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I've been stuck on this problem on my online math system centre, and I've tried everything. I have to send in work for the professor to mark, so I cannot graph it or use plot points. Additionally, I CANNOT use L'Hospital's rule, as it is not covered yet in course material. I apologize in advance, I'm new on StackExchange, but here is the problem:

$$\lim_{x\to0}\dfrac{\sin4x}{x^2+x}$$

So far, I took the derivative of the equation and got

$$\frac{4\cos4x-2x^{-1}\sin4x-x^{-2}\sin(4x)}{x^{2}+x}$$

But since the limit is still zero, it will still be indeterminate. Since the denominator is $x^{2}+x$, it will always be some variant of that to the nth power. So it's become clear to me I cannot solve this with derivatives. I thought about using $$\lim_{h\to0} \frac{f(x+h)-f(x)}h$$ but that didn't work out either.

Can someone help me here? Regards, Joe

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HINT

We have that

$$\frac{\sin(4x)}{x^2+x}=\frac{\sin(4x)}{4x}\frac{4x}{x^2+x}$$

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I've written some possible approaches.

FIRST

\begin{align*} \lim_{x\rightarrow 0}\frac{\sin(4x)}{x^{2} + x} = \lim_{x\rightarrow 0}\frac{\sin(4x)}{x(x+1)} = \lim_{x\rightarrow 0}\frac{4\sin(4x)}{4x}\times\lim_{x\rightarrow 0}\frac{1}{x+1} = \lim_{y\rightarrow 0}\frac{4\sin(y)}{y} = 4 \end{align*}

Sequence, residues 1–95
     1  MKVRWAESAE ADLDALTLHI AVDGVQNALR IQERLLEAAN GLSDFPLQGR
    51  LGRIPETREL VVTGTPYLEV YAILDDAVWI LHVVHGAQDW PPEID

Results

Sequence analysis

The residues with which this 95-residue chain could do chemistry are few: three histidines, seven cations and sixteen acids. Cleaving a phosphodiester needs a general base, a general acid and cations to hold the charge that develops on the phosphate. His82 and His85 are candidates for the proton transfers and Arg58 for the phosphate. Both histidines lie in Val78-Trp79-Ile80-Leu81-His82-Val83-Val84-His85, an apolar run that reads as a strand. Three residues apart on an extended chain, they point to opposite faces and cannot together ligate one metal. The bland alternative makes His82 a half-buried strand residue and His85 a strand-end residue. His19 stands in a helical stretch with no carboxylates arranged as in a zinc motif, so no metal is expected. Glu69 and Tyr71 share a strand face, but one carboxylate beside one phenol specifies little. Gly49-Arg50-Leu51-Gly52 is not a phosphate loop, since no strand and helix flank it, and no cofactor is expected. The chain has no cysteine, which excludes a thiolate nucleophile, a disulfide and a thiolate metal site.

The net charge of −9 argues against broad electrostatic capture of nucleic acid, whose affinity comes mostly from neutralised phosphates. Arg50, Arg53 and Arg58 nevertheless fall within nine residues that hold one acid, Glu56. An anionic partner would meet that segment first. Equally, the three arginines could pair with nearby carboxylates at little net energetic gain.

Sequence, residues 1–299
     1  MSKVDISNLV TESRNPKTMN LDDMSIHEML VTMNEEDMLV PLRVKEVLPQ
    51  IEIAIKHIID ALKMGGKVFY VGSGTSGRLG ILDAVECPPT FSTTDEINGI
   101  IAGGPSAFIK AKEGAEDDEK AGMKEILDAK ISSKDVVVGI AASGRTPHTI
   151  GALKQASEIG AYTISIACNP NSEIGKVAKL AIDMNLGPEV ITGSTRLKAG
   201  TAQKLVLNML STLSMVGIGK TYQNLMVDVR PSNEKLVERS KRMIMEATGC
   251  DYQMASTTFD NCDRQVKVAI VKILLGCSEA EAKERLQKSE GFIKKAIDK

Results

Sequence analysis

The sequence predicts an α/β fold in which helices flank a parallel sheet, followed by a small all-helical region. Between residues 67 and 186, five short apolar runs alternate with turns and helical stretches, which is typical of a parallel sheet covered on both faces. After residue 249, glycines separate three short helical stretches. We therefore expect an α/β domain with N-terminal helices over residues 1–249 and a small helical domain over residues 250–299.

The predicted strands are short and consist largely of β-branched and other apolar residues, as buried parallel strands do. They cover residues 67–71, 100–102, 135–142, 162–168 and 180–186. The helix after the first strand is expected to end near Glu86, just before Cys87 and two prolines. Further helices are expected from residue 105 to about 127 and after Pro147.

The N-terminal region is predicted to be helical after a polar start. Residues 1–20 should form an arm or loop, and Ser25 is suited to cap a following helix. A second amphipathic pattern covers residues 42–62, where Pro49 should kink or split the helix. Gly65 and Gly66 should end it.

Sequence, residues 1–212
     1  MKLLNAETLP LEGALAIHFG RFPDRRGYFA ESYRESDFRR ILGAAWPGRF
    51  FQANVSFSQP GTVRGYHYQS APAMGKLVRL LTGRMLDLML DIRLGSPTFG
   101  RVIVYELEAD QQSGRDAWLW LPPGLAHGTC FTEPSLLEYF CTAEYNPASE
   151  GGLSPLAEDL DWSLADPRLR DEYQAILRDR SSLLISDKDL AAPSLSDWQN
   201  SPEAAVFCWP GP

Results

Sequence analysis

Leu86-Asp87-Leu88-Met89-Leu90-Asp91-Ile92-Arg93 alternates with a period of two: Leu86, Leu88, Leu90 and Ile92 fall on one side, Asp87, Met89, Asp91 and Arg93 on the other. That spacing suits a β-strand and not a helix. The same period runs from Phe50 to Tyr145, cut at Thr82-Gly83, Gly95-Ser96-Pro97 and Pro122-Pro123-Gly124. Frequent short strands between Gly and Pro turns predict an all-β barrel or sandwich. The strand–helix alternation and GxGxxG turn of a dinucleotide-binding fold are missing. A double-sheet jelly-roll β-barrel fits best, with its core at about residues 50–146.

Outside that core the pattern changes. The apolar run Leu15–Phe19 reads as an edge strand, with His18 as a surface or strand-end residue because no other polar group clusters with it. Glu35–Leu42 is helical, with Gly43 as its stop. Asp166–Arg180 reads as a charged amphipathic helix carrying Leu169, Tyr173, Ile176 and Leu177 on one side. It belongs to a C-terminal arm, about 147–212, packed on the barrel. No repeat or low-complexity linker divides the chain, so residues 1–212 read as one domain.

SECOND \begin{align*} \lim_{x\rightarrow 0}\frac{\sin(4x)}{x^{2} + x} & = \lim_{x\rightarrow 0}\frac{\sin(4x) - \sin(0)}{4x - 0}\times\lim_{x\rightarrow 0}\frac{4}{1+x} = 4\times\lim_{y\rightarrow 0}\frac{\sin(y) - \sin(0)}{y - 0} = 4\cos(0) =4 \end{align*}

THIRD

Since the Taylor series of the sine function is given by

\begin{align*} \sin(x) = x - \frac{x^{3}}{3!} + \frac{x^{5}}{5!} - \ldots \end{align*}

We have $\sin(4x) \sim 4x + O(x^{3})$ when $x$ is near to zero. Hence we obtain: \begin{align*} \lim_{x\rightarrow 0}\frac{\sin(4x)}{x^{2}+x} = \lim_{x\rightarrow 0}\frac{4x}{x^{2}+x} = \lim_{x\rightarrow 0}\frac{4}{x+1} = 4 \end{align*}

FOURTH

\begin{align*} \lim_{x\rightarrow 0}\frac{\sin(4x)}{x^{2}+x} = \lim_{x\rightarrow 0}\frac{2\sin(2x)\cos(2x)}{x(x+1)} = 4\times\lim_{x\rightarrow 0}\frac{\sin(2x)}{2x}\times\lim_{x\rightarrow 0}\frac{\cos(2x)}{x+1} = 4\times 1\times 1 = 4 \end{align*}

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Write your term as $$\frac{\sin(4x)}{4x}\cdot \frac{4}{x+1}$$

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A very simple, yet working approach is the following:

Taking a limit of sin(x) with x going towards 0 can be reduced to the limit of x towards 0.

This means that:

$$\lim_{x\rightarrow 0} \dfrac{sin(4x)}{x^2 + x}=\lim_{x\rightarrow 0} \dfrac{4x}{x^2 + x} = \infty$$

The reason for that is that $sin(x) = x$ for $x \approx0$. There are multiple proofs of this. One is done by @gimusi.

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